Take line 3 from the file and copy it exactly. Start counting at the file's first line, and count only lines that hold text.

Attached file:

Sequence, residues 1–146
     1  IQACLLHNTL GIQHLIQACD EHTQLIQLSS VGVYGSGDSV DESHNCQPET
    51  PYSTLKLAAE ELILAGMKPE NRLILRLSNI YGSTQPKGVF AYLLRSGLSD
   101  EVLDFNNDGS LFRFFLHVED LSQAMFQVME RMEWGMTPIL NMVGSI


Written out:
    51  PYSTLKLAAE ELILAGMKPE NRLILRLSNI YGSTQPKGVF AYLLRSGLSD